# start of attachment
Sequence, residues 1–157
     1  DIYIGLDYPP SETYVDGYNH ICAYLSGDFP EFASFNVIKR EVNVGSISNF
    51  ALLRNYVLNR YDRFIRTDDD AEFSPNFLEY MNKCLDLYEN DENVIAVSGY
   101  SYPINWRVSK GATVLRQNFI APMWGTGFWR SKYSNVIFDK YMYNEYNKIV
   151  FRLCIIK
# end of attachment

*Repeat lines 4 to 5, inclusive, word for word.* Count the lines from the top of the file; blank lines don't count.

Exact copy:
   101  SYPINWRVSK GATVLRQNFI APMWGTGFWR SKYSNVIFDK YMYNEYNKIV
   151  FRLCIIK